And finally, when I least expected it, there it was. The Thai island paradise I had dreamed of. Crystal clear water and wide, white deserted sand beaches.To be honest, I didn’t think this would happen when we first approached Koh Poda and around 20 long tail boats and speed boats lined the shores of the tiny island. Hordes of tourists were swimming in the shallow water around the boats, taking selfies, the beach filled with beach towels in bright colors.We walked down the beach, away from the boats and the crowds, and the unthinkable happened: suddenly, we weren’t surrounded by people anymore. No more boats. Just crystal clear turquoise water, an empty beach, and the occasional sun seeker hidden between trees or tree trunks. It felt glorious.I couldn’t believe that the island didn’t have hotels or resorts on it, because the grassy space behind the beach would be perfect for it, and you could get here easily in twenty minutes from Ao Nang.
Other than a tiny hut selling cold drinks and snacks near the boat landing, there was no restaurant. And the further you walked away from the boats, the more the island felt like a completely deserted Robinson Crusoe island. I wished we could have spent the night but we were not prepared and didn’t bring any food or even a change of clothes. I am not sure if camping is officially allowed there, but when we followed the path through the woods, we saw several extinguished campfires and other signs of overnight camping.I was so thrilled to have finally found the paradise island I’d been looking for all over Thailand, that I didn’t want the day to end.I think the photos show why I don’t want to share the island with anyone, but there are some other reasons why I’d like to keep Koh Poda to myself: While I thought Koh Poda was stunningly beautiful, I found the amount of garbage on the tiny island disturbing, especially considering that it is such a popular day trip destination (most boats seem to anchor for 30 minutes to an hour and then move on to the next place, as part of an island hopping trip). And I don’t want this little paradise to turn into another Ao Nang.When people spend the night in such a paradise, why can’t they take their garbage home with them? Why would they not want the island to stay in a gorgeous state so that other people can enjoy it too? I simply cannot understand how tourists can just pile up garbage in such a pristine place and leave, but the overnight campers seemed to think differently.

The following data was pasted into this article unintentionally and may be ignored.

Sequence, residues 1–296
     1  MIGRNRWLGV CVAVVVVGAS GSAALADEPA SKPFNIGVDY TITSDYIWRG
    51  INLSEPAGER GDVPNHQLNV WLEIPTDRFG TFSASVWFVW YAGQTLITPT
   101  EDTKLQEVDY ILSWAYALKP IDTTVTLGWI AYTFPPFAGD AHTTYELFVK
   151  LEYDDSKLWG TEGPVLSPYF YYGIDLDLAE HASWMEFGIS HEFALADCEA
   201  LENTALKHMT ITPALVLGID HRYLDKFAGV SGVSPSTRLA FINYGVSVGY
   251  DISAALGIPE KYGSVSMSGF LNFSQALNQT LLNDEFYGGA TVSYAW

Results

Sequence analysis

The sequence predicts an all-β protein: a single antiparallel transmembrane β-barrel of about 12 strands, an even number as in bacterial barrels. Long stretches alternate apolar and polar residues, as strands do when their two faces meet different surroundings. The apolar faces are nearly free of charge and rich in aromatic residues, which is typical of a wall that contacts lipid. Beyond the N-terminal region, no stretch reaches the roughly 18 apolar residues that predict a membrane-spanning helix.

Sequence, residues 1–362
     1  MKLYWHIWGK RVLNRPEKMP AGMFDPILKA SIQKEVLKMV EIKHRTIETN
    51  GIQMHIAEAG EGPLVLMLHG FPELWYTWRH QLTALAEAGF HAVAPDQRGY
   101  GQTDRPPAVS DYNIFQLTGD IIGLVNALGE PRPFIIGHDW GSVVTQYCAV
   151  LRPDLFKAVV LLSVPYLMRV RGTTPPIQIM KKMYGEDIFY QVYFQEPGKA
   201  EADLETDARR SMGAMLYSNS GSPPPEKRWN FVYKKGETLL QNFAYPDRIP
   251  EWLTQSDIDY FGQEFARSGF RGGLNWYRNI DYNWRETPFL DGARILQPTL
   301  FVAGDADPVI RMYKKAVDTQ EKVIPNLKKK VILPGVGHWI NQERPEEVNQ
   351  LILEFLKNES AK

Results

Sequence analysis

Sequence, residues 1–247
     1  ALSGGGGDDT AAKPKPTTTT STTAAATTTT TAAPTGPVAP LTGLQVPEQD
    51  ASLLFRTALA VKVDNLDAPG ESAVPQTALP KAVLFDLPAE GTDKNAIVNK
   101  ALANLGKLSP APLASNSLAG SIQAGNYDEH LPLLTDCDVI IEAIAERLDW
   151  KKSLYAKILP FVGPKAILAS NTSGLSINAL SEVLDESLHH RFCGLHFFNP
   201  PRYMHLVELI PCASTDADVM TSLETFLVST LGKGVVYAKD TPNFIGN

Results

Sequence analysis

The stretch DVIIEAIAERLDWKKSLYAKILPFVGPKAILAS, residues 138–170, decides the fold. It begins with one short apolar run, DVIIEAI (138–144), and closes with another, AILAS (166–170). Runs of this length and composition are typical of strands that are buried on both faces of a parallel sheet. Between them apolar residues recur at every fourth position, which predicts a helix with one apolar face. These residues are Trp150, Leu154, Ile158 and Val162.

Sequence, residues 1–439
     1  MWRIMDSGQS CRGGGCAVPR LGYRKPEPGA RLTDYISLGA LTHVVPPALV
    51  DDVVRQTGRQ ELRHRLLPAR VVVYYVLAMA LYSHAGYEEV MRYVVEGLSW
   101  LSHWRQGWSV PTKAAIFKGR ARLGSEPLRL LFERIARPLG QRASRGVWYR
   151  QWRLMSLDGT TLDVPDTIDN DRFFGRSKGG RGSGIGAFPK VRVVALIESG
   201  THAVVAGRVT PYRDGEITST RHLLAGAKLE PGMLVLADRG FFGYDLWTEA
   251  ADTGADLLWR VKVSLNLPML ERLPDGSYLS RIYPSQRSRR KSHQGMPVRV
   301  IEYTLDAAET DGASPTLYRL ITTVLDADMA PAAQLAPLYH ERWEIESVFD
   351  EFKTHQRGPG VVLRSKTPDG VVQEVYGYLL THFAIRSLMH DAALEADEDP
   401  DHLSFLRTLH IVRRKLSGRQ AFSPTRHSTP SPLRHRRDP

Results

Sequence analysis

Also: Koh Poda is a designated National Park, so why does nobody clear the garbage on the island? Wouldn’t the people who are in charge here want it to stay as jaw-dropping as it is, for the hundreds of people that come and visit it every day? We were charged an admission fee of THB200 (about US$5.88) each when we came on a private boat and THB50 (US$1.47) when we came back on a shared long tail boat the next day, so one would think enough money is collected every day to be able to employ someone who cleans the entire beach, and not just the tiny part where the boats arrive and the majority of people stay during their visit (I assume that this part is cleaned every day, but I don’t know for sure).
UPDATE 2019: Apparently, the entrance fee to visit Koh Poda is now 400 baht (US$13.25)!
In addition to the garbage, the damages of the 2004 Tsunami are still visible everywhere. There’s not a single palm tree left on the beach, dozens of massive tree trunks line the beach, making it even impossible to walk the entire length of the beach during high tide (there is a forest path though, and you can climb over most of the tree trunks). It gave me shivers to see how much damage the tsunami caused, still so prevalent on this tiny rock, more than a decade after it happened. I found myself wondering about the lack of clean-up here too, not sure why the tour operators wouldn’t get rid of these nuisances along the otherwise picture-perfect beach.Despite the garbage and the tsunami damage, Koh Poda was such a dream destination for us that we decided to return the next day. One day was just not enough.
And so the next day, we hopped onto another long-tail boat and set off again to spend another day in paradise. I don’t know what will happen to Koh Poda – seeing how developed the Krabi area is, I would be surprised if it stayed resort or hotel-free forever. And that’s why I ask you: Please don’t go to Koh Poda. (But if you do visit Koh Poda, don’t forget to take your garbage back with you.)Have you found a dream beach in Thailand? If so, feel free to share it with me in the comments below…
Interested in more Thai island bliss? Read my article on Koh Yao Yai and Koh Yao Noi!